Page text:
The endoscopic endonasal approach has become a routine corridor to the suprasellar region. The superior hypophyseal arteries (SHAs) are intimately related to lesions in the suprasellar space, such as craniopharyngiomas and meningiomas. Here the authors investigate the surgical anatomy and variations of the SHA from the endoscopic endonasal perspective.
Thirty anatomical specimens with vascular injection were used for endoscopic endonasal dissection. The number of SHAs and their origin, course, branching, anastomoses, and areas of supply were collected and analyzed.
A total of 110 SHAs arising from 60 internal carotid arteries (ICAs), or 1.83 SHAs per ICA (range 0–3), were found. The most proximal SHA always ran in the preinfundibular space and provided the major blood supply to the infundibulum, optic chiasm, and proximal optic nerve; it was defined as the primary SHA (pSHA). The more distal SHA(s), present in 78.3% of sides, ran in the retroinfundibular space and supplied the stalk and may also supply the tuber cinereum and optic tracts. In the two sides (3.3%) in which no SHA was present, the territory was covered by a pair of infundibular arteries originating from the posterior communicating artery. Two-thirds of the pSHAs originated proximal to the distal dural ring; half of these arose from the carotid cave portion of the ICA, whereas the other half originated proximal to the cave. Four branching patterns of the pSHA were recognized, with the most common pattern (41.7%) consisting of three or more branches with a tree-like pattern. Descending branches were absent in 25% of cases. Preinfundibular anastomoses between pSHAs were found in all specimens. Anastomoses between the pSHA and the secondary SHA (sSHA) or the infundibular arteries were found in 75% cases.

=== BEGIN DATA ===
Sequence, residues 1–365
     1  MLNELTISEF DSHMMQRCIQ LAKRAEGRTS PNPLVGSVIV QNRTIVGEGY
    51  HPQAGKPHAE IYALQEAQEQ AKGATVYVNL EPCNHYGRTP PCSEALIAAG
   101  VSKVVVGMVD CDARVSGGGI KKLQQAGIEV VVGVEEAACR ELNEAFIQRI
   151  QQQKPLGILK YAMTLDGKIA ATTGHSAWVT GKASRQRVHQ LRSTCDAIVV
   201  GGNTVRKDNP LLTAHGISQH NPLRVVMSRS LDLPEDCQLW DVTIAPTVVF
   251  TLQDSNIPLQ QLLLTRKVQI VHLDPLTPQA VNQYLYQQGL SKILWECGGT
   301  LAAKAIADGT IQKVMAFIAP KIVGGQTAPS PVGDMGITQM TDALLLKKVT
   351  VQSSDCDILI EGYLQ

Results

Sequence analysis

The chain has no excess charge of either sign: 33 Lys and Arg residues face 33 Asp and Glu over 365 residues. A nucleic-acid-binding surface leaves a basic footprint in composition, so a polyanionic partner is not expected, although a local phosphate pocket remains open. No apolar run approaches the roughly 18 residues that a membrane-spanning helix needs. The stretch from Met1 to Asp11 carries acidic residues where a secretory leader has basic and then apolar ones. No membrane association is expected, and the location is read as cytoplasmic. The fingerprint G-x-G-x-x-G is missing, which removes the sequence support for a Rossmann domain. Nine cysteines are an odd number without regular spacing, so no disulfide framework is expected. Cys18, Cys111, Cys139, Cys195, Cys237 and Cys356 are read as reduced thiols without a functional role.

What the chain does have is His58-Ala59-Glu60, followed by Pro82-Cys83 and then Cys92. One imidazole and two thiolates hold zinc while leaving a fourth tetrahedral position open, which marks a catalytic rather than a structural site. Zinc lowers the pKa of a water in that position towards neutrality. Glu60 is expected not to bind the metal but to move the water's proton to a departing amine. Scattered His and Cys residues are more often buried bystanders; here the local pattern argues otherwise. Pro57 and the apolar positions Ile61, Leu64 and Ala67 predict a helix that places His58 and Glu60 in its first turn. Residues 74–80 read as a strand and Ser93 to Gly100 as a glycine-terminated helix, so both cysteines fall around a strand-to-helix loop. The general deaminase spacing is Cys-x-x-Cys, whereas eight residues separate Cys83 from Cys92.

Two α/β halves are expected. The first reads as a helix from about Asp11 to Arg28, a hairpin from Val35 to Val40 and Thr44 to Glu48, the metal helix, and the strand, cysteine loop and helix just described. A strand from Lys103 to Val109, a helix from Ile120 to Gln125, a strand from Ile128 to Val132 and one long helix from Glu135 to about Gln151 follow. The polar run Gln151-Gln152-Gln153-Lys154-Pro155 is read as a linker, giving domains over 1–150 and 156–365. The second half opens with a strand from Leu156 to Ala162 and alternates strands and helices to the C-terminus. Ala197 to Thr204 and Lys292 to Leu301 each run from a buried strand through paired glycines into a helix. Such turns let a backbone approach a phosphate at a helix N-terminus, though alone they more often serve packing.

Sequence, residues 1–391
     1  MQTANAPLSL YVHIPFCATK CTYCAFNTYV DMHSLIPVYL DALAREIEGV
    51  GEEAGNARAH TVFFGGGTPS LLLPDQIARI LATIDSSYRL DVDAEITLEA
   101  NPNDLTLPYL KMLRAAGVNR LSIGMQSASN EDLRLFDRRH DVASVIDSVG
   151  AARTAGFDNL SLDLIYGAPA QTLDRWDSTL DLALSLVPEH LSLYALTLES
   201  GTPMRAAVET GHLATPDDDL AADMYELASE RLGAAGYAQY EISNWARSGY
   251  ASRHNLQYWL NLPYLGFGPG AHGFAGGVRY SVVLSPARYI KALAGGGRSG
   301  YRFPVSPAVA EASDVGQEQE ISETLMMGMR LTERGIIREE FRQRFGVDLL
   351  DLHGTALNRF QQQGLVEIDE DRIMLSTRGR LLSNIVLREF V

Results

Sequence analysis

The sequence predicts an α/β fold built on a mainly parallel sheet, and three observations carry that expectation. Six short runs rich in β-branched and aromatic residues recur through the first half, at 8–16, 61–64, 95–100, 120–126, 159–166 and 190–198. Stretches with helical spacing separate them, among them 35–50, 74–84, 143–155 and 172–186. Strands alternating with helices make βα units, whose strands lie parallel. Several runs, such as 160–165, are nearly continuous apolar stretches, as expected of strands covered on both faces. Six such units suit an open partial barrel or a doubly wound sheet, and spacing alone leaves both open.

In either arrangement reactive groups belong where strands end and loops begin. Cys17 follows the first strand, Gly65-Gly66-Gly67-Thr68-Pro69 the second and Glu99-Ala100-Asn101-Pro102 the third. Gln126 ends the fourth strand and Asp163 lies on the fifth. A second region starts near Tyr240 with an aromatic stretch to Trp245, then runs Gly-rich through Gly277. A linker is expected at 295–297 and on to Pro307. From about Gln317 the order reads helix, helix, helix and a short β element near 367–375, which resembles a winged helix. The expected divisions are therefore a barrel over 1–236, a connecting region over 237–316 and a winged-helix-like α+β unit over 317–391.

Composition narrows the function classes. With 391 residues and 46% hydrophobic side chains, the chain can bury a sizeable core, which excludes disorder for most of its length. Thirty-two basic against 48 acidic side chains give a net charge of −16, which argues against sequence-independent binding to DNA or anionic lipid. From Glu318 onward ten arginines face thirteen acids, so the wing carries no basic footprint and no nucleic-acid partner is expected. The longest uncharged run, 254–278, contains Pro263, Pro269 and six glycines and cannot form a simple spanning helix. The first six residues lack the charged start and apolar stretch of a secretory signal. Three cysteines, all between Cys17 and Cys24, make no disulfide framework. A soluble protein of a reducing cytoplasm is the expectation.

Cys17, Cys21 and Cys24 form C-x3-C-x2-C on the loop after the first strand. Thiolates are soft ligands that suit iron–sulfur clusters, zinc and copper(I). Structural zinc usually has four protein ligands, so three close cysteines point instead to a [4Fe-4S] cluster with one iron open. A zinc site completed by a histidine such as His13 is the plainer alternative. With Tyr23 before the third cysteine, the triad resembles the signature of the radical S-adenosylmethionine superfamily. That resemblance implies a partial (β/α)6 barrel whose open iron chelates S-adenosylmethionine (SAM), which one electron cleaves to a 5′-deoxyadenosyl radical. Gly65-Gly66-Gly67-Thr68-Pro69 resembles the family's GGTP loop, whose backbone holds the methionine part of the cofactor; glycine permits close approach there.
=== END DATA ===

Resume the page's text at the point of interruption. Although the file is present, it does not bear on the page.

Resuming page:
The first SHA almost always supplies the infundibulum, optic chiasm, and proximal optic nerve and represents the pSHA. Compromising this artery can cause a visual deficit. Unilateral injury to the pSHA is less likely to cause an endocrine deficit given the artery’s abundant anastomoses. A detailed understanding of the surgical anatomy of the SHA and its many variations may help surgeons when approaching challenging lesions in the suprasellar region.
Correspondence Juan C. Fernandez-Miranda: University of Pittsburgh Medical Center, Pittsburgh, PA. firstname.lastname@example.org.INCLUDE WHEN CITING Published online July 13, 2018; DOI: 10.3171/2018.2.JNS172959.Disclosures The authors report no conflict of interest concerning the materials or methods used in this study or the findings specified in this paper.
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